Current Top Ten Non-Fiction Books & eBooksAs reported by the New York Times®
1. 13 Hours: The Inside Account of What Really Happened In Benghazi
by Mitchell Zuckoff
13 HOURS presents, for the first time ever, the true account of the events of September 11, 2012, when terrorists attacked the US State Department Special Mission Compound and a nearby CIA station called the Annex in Benghazi, Libya. A team of six American security operators fought to repel the attackers and protect the Americans stationed there. Those men went beyond the call of duty, performing extraordinary acts of courage and heroism, to avert tragedy on a much larger scale. This is their personal account.
by Laura Hillenbrand
On a May afternoon in 1943, an Army Air Forces bomber crashed into the Pacific Ocean and disappeared, leaving only a spray of debris and a slick of oil, gasoline, and blood. Then, on the ocean surface, a face appeared. It was that of a young lieutenant, the plane’s bombardier, who was struggling to a life raft and pulling himself aboard.
3. What If?: Serious Scientific Answers to Absurd Hypothetical Questions
by Randall Munroe
Millions of people visit xkcd.com each week to read Randall Munroe’s iconic webcomic. His stick-figure drawings about science, technology, language, and love have a large and passionate following. Fans of xkcd ask Munroe a lot of strange questions. What if you tried to hit a baseball pitched at 90 percent the speed of light? How fast can you hit a speed bump while driving and live? If there was a robot apocalypse, how long would humanity last?
4. The Boys in the Boat: Nine Americans and Their Epic Quest for Gold at the 1936 Berlin Olympics
by Daniel James Brown
Out of the depths of the Depression comes an irresistible story about beating the odds and finding hope in the most desperate of times—the improbable, intimate account of how nine working-class boys from the American West showed the world at the 1936 Olympics in Berlin what true grit really meant.
5. Waking Up: A Guide to Spirituality Without Religion
by Sam Harris
From multiple New York Times bestselling author, neuroscientist, and “new atheist” Sam Harris, Waking Up is for the 30 percent of Americans who follow no religion, but who suspect that Jesus, Buddha, Lao Tzu, Rumi, and the other saints and sages of history could not have all been epileptics, schizophrenics, or frauds.
6. World Order
by Henry Kissinger
Henry Kissinger offers in World Order a deep meditation on the roots of international harmony and global disorder. Drawing on his experience as one of the foremost statesmen of the modern era—advising presidents, traveling the world, observing and shaping the central foreign policy events of recent decades—Kissinger now reveals his analysis of the ultimate challenge for the twenty-first century: how to build a shared international order in a world of divergent historical perspectives, violent conflict, proliferating technology, and ideological extremism.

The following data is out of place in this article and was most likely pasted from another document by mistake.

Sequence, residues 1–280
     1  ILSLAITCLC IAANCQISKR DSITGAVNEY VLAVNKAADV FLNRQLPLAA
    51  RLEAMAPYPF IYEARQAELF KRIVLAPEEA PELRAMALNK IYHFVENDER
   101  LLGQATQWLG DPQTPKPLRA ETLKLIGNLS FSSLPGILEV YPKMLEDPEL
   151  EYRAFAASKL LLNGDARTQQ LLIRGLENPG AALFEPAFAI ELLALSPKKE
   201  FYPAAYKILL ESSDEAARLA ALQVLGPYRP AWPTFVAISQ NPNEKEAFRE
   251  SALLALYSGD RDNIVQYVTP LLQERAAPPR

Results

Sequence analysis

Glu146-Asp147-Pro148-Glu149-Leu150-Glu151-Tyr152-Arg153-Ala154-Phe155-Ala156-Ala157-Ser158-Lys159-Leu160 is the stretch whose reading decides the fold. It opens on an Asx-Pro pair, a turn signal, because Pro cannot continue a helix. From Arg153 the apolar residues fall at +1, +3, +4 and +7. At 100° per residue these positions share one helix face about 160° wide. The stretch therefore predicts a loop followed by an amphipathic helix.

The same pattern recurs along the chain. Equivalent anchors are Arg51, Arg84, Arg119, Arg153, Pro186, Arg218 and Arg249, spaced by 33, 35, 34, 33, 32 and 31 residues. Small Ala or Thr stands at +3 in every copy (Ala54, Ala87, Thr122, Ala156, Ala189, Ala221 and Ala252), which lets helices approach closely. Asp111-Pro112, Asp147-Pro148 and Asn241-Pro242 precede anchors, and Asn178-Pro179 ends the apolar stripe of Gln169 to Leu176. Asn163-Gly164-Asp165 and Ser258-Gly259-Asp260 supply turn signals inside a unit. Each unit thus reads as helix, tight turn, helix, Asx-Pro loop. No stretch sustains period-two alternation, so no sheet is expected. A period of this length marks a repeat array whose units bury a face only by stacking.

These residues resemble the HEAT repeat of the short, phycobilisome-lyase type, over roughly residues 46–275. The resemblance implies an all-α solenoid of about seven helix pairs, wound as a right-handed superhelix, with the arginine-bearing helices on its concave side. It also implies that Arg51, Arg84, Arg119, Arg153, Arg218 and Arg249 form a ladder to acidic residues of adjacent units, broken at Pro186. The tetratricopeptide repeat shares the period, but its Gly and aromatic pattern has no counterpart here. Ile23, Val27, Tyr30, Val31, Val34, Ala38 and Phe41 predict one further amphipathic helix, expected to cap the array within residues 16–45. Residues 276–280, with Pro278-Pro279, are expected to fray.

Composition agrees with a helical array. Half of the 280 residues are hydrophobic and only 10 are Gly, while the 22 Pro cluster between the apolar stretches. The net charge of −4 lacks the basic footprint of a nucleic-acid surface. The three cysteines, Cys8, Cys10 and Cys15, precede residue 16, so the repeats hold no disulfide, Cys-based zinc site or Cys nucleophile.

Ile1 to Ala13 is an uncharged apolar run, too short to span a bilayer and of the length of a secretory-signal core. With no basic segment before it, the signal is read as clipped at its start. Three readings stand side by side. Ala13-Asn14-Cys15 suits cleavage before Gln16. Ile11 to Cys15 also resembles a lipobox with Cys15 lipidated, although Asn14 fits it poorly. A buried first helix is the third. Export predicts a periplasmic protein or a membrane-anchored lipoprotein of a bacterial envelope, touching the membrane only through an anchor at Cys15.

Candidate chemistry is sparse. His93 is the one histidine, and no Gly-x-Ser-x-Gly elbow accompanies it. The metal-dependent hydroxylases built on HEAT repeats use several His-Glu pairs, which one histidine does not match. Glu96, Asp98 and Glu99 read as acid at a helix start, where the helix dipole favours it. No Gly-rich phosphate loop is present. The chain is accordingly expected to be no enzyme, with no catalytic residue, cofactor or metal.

7. Diary of a Mad Diva
by Joan Rivers
Following up the phenomenal success of her headline-making New York Times bestseller I Hate Everyone...Starting With Me, the unstoppable Joan Rivers is at it again. When her daughter Melissa gives her a diary for Christmas, at first Joan is horrified—who the hell does Melissa think she is? That fat pig, Bridget Jones? But as Joan, being both beautiful and introspective, begins to record her day-to-day musings, she realizes she has a lot to say.
8. Between Heaven and Ground Zero: One Woman's Struggle for Survival and Faith in the Ashes of 9/11
by Leslie Haskin
This is the riveting account of Leslie's harrowing escape--down 36 floors in a doomed and dying building and away from a life focused on perks, prestige, and power. The intervening months brought crippling mental and emotional distress, but from the rubble and ashes, the corporate climber rediscovered the faith of her childhood and now embraces a new life of serving others.
by Cheryl Strayed
At twenty-two, Cheryl Strayed thought she had lost everything. In the wake of her mother’s death, her family scattered and her own marriage was soon destroyed. Four years later, with nothing more to lose, she made the most impulsive decision of her life. With no experience or training, driven only by blind will, she would hike more than a thousand miles of the Pacific Crest Trail from the Mojave Desert through California and Oregon to Washington State—and she would do it alone.
10. unPHILtered: The Way I See It
by Phil Robertson with Mark Schlabach
The beloved patriarch of A&E’s® Duck Dynasty® series, Phil Robertson, shares his thoughtful—and opinionated—philosophy on life. In Phil Robertson’s #1 New York Times bestseller, Happy, Happy, Happy, we learned about Phil’s colorful past and the wild road to becoming the beloved patriarch of A&E’s smash hit show, Duck Dynasty. Now, he returns to share his philosophy on life, which can be summed up in five short words. Love God, love your neighbor.
Copyright © 2004- by Ace Toscano. All rights reserved.